Avoid Segment Definition Errors: Helpful Tool to Get Your Regex Right

Avoid Segment Definition Errors: Helpful Tool to Get Your Regex Right

The Good, The Bad, The UglyStandard analytics reports provide lots of data but usually scarce useful information that can be acted upon.  Standard reports typically lead to more questions. To get answers, and uncover useful insight to tackle the good, bad and ugly of your operations, you need to filter and segment, such as in the following situations:

  • A visitor locations report will tell you where visitors are located and how engaged they are, but you are probably not interested in the behaviour of people around the world.  Most likely you’re interested in a select few focused geographies where your best prospects or most loyal visitors are located.
  • A report showing all channels of traffic might be interesting, but you’re probably most interested in those channels that you have spent money driving traffic through, or can make changes to, thereby influencing future visitor behaviour.
  • In evaluating response to a new microsite, you want to exclude internal traffic because there’s been significant internal corporate promotion.

RegexIn some analytics tools, such as Google Analytics, the language of regular expressions, or “regex” are needed to restrict the data to be analyzed.  If you don’t use the right regex, your analysis will be incorrect.

There are many Regex testers but one of the simplest is regexpal.com.

At regexpal.com, paste the data you want to match in the area marked “1” and write your regex in “2”:


To demonstrate, let’s say we need to create a filter that will exclude internal traffic, and the IPs that are relevant are:

Paste the data above into regexpal.com:

RegexPal.comStart writing your regex.  As the expression is built, correct matches will show up in alternating blue and yellow rows:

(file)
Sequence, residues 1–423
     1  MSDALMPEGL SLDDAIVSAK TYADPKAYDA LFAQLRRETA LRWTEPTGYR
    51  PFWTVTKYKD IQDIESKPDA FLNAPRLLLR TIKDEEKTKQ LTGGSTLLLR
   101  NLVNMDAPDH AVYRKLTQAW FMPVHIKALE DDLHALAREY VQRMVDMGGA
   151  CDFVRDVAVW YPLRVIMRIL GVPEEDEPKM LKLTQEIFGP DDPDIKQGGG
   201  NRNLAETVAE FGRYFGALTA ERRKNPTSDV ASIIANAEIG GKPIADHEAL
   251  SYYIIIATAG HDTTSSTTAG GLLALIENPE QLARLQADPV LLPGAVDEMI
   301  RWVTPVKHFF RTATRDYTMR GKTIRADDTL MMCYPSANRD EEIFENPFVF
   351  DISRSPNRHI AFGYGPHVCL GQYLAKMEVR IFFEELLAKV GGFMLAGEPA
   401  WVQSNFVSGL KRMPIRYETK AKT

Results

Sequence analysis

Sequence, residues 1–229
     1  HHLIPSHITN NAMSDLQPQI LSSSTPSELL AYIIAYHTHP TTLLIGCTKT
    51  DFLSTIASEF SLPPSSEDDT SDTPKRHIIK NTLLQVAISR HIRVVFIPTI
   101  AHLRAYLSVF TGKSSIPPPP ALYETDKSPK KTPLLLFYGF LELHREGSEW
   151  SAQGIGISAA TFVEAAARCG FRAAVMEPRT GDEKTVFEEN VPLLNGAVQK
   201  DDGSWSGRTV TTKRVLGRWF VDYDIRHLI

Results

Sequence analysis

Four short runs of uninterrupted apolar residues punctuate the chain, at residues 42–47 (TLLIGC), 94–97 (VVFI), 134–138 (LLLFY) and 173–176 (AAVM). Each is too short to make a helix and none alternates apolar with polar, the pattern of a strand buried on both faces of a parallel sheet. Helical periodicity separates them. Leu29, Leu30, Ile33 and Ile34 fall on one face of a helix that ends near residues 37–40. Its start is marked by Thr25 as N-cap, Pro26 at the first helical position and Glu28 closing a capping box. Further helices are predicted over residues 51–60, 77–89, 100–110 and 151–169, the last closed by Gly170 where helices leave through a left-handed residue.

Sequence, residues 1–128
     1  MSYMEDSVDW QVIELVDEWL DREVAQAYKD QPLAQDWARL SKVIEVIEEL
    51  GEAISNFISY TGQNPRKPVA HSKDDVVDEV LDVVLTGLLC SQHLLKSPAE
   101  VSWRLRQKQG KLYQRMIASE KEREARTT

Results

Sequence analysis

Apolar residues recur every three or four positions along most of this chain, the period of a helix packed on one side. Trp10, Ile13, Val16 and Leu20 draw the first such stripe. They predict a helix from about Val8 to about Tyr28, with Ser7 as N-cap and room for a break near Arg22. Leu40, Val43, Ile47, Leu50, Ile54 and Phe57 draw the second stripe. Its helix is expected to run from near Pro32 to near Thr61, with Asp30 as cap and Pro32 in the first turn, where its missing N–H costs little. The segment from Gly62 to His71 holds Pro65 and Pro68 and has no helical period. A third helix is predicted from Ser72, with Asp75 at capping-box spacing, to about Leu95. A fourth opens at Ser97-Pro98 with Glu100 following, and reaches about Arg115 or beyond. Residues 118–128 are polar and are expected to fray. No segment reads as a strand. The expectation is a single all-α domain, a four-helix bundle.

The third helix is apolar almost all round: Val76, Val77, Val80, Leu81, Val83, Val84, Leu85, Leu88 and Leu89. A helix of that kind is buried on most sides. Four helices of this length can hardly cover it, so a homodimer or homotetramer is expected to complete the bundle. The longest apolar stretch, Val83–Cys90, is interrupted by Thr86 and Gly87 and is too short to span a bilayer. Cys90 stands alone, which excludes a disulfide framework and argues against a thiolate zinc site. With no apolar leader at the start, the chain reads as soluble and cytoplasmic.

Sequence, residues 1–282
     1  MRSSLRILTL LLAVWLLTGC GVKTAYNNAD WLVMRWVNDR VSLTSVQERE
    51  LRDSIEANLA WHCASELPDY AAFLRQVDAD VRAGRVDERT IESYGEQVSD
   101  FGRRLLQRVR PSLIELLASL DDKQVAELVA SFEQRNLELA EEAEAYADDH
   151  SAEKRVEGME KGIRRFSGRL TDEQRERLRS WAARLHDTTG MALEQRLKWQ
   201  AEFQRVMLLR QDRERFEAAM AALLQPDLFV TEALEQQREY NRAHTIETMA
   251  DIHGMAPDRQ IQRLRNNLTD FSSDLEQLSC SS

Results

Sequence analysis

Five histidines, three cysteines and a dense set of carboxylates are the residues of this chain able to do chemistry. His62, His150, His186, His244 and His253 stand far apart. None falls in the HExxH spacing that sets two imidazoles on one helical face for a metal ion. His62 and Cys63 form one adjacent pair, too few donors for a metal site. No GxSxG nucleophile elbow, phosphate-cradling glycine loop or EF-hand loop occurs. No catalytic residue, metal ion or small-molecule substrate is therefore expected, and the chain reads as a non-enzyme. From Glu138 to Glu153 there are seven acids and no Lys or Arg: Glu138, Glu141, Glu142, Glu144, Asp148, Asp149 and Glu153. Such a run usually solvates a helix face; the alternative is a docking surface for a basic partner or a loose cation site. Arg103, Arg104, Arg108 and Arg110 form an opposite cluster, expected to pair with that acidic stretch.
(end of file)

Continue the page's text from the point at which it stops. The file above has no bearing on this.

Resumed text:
RegexPal.comIf all your test data are rows of yellow and blue, your regex is correct and ready to use.

Here are the actions that Regex symbols drive:

Symbol or combo Action Example
. Match any single character str.pe matches stripe, strype, str1pe
* Match zero or more of the previous character bob*le matches boble, bobble, bobbbbble
? Match zero or one of the previous item bob?le matches boble, bobble but not bobbbbble
+ Match at least one of the previous item bob+le matches bobble, bobbbbble but not boble
| Means “or” blue|red matches either blue or red
^ Match to the start ^blue matches blue shoes but not navy blue shoes
$ Match to the end shoe$ matches blue shoe but not blue shoes or shoe sales
( )  Group into an item (thank you) means treat “thank you” as a grouped unit
 [ ]  Create a list to match to [1239] isn’t the number 1239 but a list of 1,2,3,9
 \ Make the character following literal, and not have any meaning \. means that the “.” is just a dot and not to be used for matching
.* Match anything blue.*shoes matches blue running shoes, blue striped shoes, as well as the phrase “blue isn’t a good colour for running shoes”

Give regexpal a try.  What do you think?  Do you have other favourite regextesters?

“The Good The Bad The Ugly” Image Credit: euchrideucrow.deviantart.com

By |2016-06-08T17:37:46-04:00January 9th, 2015|0 Comments

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